Can pop song lyrics be great art? When Bob Dylan was announced as the winner of the 2016 Nobel Prize in Literature, it made that old question more urgent than ever, and more hotly debated. While some commentators were pleased to see the award go to a popular, world-famous creator for once, others saw it as the latest round of Baby Boomer nostalgia. Still others saw it simply as a category error, a confusion of music with literature. “I love Bob Dylan almost as much as I love Leonard Cohen,” mystery writer Ian Sansom told the Irish Times. “But Dylan is a singer-songwriter and singer-songwriters should be awarded prizes for singer-songwriters.”
The argument against Dylan, or any other song lyricist, winning a literary award is that song lyrics aren’t meant to be literature. Though Dylan in his 1960s prime was often celebrated as a poet, few would actually want to read his lyrics without the music he wrote to accompany them. The words of a song can seem silly or incomprehensible divorced from the tunes that give them life, and people are used to thinking of them as secondary to the music. The poet and University of British Columbia professor George McWhirter, who taught Canada’s first university course in songwriting, recalls that there were complications “in getting agreement from the School of Music and the co-operation of the composers, who think lyrics are only there to prompt the music, give in and be dominated by it.”
But it’s not just composers who think lyrics aren’t worthy literature without the music; lyricists often think so themselves. “This book is a contradiction in terms,” another celebrated songwriter, Stephen Sondheim, wrote in the introduction to his first book of collected lyrics. “Lyrics, even poetic ones, are not poems.” The Pulitzer Prize-winning American poet Richard Wilbur left most of his song lyrics out of his collected poetry, explaining that most lyrics “are a bit watery when read without the music.” Songwriters take their work seriously, but they don’t intend the lyrics to stand on their own.
On the other hand, Shakespeare didn’t intend his verse to be read in a book either, and some of it was meant to be sung. “Song lyrics are definitely part of an oral tradition that goes back, as the Nobel prize spokesperson pointed out, to Homer and Sappho,” says J. Andrew Wainwright, McCulloch professor emeritus in English at Dalhousie University, who taught a course in “Bob Dylan and the literature of the ’60s.” The argument for Dylan is that regardless of how they were intended to be presented, his lyrics can still work when read and discussed as poetry. “There are some combinations of words that do not require instrumental accompaniment to stand out as great poetry. Their depth and resonance speak for themselves. Dylan’s finest lyrics are among these, and it is foolish elitism to suggest otherwise.”
Wainwright isn’t the only academic who has tried to make a case for Dylan as the modern equivalent of a Homer or a Shakespeare. The Boston Globe celebrated the Nobel by talking to what it called “local Dylanologists” of the university world, including Harvard’s Richard Thomas, who wrote an academic article called “The streets of Rome: The classical Dylan,” and Boston University’s Christopher Ricks, author of Dylan’s Visions of Sin. Wainwright says that there has been an increased acceptance over the years of a select few pop lyricists as poets. “Dylan’s lyrics and music are taught in many North American and European universities, along with works by such singer-songwriters as Leonard Cohen, Joni Mitchell, and Neil Young—a powerful Canadian cohort.” McWhirter adds: “To my mind Dylan is a big part of the poetic/oral tradition.”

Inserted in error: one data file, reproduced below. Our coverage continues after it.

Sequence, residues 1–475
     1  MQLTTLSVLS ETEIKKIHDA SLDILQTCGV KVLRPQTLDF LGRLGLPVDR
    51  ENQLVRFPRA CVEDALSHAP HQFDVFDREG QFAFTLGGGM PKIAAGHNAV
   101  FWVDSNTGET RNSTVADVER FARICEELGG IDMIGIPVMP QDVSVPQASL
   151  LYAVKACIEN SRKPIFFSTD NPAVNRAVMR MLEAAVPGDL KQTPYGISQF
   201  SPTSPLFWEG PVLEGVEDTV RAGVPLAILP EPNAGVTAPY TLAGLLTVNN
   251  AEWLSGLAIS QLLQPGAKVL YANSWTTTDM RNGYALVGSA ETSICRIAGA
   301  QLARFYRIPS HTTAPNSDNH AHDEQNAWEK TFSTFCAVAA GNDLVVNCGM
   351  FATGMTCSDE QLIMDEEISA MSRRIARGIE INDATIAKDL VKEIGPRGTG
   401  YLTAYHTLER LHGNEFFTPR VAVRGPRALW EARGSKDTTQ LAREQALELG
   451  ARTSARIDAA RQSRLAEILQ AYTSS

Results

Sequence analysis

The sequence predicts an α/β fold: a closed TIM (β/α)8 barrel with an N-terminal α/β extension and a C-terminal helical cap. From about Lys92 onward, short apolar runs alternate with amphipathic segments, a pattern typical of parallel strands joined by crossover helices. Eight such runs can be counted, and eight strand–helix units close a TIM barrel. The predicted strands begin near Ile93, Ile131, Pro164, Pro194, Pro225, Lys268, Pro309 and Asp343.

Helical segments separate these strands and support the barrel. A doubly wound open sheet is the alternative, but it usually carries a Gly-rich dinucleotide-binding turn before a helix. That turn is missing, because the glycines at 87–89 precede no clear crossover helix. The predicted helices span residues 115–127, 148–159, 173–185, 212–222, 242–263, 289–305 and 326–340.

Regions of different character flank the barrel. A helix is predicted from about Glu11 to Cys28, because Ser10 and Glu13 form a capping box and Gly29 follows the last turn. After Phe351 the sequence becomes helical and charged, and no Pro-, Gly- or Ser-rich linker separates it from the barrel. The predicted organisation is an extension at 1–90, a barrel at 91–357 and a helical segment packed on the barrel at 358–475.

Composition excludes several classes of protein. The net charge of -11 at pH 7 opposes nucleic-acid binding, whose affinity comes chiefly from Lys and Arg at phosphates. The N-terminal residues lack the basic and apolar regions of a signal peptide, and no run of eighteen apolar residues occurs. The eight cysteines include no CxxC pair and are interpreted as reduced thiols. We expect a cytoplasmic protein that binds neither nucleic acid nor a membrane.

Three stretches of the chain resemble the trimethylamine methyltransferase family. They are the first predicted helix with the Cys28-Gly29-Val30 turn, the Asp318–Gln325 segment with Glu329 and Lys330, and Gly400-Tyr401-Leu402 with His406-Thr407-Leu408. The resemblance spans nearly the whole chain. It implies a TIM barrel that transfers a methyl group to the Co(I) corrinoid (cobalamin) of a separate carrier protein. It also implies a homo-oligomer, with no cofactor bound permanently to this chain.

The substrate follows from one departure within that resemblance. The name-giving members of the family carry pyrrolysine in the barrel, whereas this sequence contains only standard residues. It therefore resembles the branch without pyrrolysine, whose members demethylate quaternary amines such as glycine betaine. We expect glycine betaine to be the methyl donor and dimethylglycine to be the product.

Still, there’s a difference between lyric writing—even self-consciously literary lyrics like some of Dylan’s—and the kind of poetry the Nobel committee usually recognizes: poets hate to be banal, while song lyricists don’t mind at all. Dylan’s songs have their share of obscure imagery, but many of his most famous lyric lines, like “don’t criticize what you can’t understand” or “advertising signs, they con you into thinking you’re the one,” are more like catchphrases than would-be profound statements. When analyzed too deeply, they can sound like clichés, because good songwriting is simpler and more direct than most serious poetry.
But that might make Dylan the natural successor to the very first English-language writer to win the Nobel Prize, Rudyard Kipling, who achieved worldwide popularity with jingly, almost musical-sounding verse that George Orwell called “good bad poetry.” As poetry in the 20th century became more serious and more afraid of expressing banal ideas, songwriting took over the job of popular poets like Kipling or Edna Millay—using traditional rhyme and metre to say things that non-poets wish they could have said. Dylan is one of the songwriters who had that same kind of instant appeal, all over the world. “When I taught English in Bangor Grammar School in Northern Ireland in the sixties, kids from the fourth form up would recite Dylan to me as their poetry, real poetry,” McWhirter recalls.
Which could mean that the award to Dylan is really a way for the Nobel committee to rebel against the kind of literature it usually recognizes: small, personal and with a select audience. By picking a pop songwriter over writers in more prestigious forms, the voters might be indulging in a fondness for writing that reaches a large audience and with which a lot of people can identify, even if it has to simplify its messages to do so. The message may not be that Dylan is a poet; the implied message may be that poetry should be more like Dylan. After all, what other Nobel prize winner was popular enough to have his work recorded by William Shatner?